National Heart Institute has been strengthening preventive care through various mediums ranging from health awareness sessions to regular checks at all levels of the society. It believes in reaching out to the rural masses to ensure increased public awareness on health, shares Dr OP Yadava, CEO & Chief Cardiac Surgeon, National Heart Institute in an exclusive interview with Elets News Network (ENN)
On the recent 35th foundation ceremony, the National Heart Institute released some of the major eye-opening data related to heart diseases. What major shifts have you witnessed in the released data?
We have noticed that there is 9.74 per cent increase of female patients in the last 4 years in the National Heart Institute. Further, 28 per cent of patients are less than 40 years of age. This thereby clearly shows that lifestyle disorders are definitely on the rise and that women, though less prone to develop coronary artery diseases till menopause, are by no means totally immune and lifestyle disorders do afflict women in significant numbers at a young age too.
Over the last 35 years, what have been the major achievements and areas of improvement of the National Heart Institute?
The National Heart Institute has grown with the ethos of sustainable and community-centric development. It subscribes to the model of earning from a small section of paying patients and using those profits for the benefit of the underprivileged and underserved. Certain major achievements of the National Heart Institute have been:
School Health Programme
Rheumatic Fever PreventionProgramme of 3 weekly injectable penicillin prophylaxis for the prevention of rheumatic heart disease, which has now been adopted internationally
The National Heart Institute is the collaborative centre for preventive cardiology of the World Health Organization (WHO) for Southeast Asia and is also involved in the training of nurses and paramedical staff for the Southeast Asian countries on the behalf of WHO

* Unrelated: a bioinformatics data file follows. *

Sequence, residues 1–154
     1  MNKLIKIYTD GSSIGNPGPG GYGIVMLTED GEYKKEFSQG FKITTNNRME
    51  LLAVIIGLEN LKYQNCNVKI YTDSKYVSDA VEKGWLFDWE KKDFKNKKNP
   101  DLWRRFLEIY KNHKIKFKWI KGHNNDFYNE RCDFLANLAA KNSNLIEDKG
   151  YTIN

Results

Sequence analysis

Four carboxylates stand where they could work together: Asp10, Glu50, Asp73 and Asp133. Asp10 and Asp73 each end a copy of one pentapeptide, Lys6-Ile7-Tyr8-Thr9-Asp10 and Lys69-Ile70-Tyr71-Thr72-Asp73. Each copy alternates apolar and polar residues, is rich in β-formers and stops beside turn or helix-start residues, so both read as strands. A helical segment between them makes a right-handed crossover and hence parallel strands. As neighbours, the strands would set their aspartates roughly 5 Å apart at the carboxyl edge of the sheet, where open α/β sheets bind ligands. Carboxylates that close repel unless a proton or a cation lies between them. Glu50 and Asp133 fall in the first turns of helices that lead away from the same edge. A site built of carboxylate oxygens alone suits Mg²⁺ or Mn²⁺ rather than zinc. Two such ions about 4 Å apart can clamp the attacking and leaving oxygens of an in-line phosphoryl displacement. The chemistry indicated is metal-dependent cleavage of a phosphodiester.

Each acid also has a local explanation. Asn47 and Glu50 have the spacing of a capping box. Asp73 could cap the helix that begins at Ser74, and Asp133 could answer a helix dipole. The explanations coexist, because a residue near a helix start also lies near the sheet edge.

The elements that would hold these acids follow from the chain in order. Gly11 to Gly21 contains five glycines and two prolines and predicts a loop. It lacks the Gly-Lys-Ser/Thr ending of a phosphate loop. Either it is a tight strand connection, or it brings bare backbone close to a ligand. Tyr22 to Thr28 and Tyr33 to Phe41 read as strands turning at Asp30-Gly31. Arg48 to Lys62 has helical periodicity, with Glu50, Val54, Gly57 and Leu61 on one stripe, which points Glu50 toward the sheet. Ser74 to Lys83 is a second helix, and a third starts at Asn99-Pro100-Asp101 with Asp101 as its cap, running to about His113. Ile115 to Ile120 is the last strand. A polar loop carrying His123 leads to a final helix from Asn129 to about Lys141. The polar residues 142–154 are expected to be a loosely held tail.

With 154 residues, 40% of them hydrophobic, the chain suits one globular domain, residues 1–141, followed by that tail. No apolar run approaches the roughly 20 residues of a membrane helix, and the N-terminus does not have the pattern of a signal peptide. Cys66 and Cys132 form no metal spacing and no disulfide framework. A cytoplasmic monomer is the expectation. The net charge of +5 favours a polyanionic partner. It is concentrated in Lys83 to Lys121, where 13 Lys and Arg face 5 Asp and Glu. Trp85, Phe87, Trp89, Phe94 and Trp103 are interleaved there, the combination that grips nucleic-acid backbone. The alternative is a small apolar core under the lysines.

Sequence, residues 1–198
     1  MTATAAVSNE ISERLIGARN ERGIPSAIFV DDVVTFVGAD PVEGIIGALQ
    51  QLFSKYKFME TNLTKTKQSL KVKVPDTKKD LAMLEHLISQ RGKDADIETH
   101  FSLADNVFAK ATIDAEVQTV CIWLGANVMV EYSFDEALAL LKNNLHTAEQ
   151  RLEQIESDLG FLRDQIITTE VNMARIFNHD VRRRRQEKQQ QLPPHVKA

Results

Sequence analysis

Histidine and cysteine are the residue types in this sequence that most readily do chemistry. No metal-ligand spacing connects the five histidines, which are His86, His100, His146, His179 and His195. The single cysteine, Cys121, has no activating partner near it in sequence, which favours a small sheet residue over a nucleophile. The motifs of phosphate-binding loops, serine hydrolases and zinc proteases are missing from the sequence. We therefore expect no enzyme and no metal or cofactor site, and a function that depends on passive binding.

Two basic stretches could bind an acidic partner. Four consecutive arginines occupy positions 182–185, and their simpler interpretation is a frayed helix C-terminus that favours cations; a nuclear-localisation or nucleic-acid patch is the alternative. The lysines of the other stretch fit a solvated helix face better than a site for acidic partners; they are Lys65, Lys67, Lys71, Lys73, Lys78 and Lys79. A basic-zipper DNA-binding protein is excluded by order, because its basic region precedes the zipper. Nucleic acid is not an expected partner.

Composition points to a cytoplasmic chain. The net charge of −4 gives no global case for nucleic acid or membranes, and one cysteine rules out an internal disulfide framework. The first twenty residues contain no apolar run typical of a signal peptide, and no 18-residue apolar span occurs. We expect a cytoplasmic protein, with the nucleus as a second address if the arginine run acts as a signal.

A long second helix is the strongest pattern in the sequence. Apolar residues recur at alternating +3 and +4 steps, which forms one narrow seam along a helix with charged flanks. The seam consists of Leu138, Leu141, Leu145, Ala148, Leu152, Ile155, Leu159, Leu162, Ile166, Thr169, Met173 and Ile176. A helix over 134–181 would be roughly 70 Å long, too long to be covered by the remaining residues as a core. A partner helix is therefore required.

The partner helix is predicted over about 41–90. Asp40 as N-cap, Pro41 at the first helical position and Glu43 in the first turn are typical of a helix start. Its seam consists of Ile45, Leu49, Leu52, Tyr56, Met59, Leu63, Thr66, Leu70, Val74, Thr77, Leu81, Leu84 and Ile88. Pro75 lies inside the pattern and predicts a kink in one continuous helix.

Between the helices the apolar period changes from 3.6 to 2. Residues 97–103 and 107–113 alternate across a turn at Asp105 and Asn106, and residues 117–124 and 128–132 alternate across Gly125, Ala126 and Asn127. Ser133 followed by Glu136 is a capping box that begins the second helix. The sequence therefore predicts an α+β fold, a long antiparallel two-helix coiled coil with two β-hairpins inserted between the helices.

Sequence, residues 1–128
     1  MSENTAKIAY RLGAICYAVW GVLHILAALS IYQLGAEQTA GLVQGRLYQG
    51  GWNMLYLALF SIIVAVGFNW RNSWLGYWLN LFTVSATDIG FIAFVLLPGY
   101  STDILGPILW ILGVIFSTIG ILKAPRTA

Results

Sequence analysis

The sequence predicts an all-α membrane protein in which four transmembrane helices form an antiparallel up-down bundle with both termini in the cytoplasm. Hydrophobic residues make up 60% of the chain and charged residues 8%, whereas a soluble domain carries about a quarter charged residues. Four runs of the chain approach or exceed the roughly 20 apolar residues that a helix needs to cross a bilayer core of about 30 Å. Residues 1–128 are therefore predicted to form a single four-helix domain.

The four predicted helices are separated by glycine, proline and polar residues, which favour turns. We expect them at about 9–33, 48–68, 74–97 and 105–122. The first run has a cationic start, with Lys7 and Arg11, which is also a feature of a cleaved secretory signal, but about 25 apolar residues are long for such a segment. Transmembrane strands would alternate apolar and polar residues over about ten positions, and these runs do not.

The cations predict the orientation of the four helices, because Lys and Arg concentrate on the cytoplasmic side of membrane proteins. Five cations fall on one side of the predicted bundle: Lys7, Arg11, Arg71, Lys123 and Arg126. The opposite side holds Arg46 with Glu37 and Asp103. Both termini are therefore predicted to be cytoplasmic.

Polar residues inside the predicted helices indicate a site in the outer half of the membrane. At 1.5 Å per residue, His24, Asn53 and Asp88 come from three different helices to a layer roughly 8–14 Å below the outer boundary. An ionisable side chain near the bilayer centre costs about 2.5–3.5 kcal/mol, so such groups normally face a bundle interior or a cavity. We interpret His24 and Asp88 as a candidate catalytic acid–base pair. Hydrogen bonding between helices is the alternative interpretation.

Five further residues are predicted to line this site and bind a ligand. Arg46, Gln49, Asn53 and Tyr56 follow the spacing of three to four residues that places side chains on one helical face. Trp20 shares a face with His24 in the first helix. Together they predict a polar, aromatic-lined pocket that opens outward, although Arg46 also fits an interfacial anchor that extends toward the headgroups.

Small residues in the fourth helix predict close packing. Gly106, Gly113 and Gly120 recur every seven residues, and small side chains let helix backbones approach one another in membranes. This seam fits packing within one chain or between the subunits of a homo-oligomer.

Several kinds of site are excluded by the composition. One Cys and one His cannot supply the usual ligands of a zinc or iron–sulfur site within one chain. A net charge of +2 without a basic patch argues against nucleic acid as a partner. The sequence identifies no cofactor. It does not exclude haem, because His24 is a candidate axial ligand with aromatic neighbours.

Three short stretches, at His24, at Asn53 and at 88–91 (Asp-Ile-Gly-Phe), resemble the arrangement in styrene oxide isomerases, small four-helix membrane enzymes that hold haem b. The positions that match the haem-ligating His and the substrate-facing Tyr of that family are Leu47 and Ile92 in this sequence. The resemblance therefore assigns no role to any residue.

Free pacemaker bank
Gift of Life programme in collaboration with Rotary International where children are offered free open heart surgeries
The National Heart Institute has awidespread outreach programme, where heart camps are held in remote areas of the country
Setting of a telemedicine Programme between the remote areas of Uttarakhand and National Heart Institute is another feather in our cap
A number of other socially relevant programmes like Vyadhi Nidhi Programme of Uttarakhand Government, Winning Heart Programme and collaboration with Sameer Malik Heart Care Foundation Fund a key project of the Heart Care Foundation of India for treating girls and young women suffering from rheumatic heart diseases.
Specific areas that we want to focus on are taking the tertiary care services to the doorstep of the masses. The corporate hospitals are targeting tier-I and tier-II cities for profit margins, but the National Heart Institute is trying to reach out to the rural belt and take the services to the very doorstep of the masses with the aim of serving the masses. Additionally, the focus wouldbe on health promotion, education and sensitisation of the masses towards health and to bring about a change in the outlook and the mindset of the general public towards health.
9.74% increase of female patients in the last 4 years
28% patients are less than 40 years of age
How is the National Heart Institute planning to spread awareness about the increased number of cardiac cases? Please provide details.
Health awareness and education of the patients and masses is the forte of All India Heart Foundation (AIHF). It has released a number of booklets and documentary films for the education of the masses. As the clinical research and medical care delivery wing of the AIHF, the National Heart Institute holds regular camps, where preventive screening of blood pressure, blood sugar and other common ailments is done. Besides these, regular lectures are conducted, exhibitions are put up and health films are shown.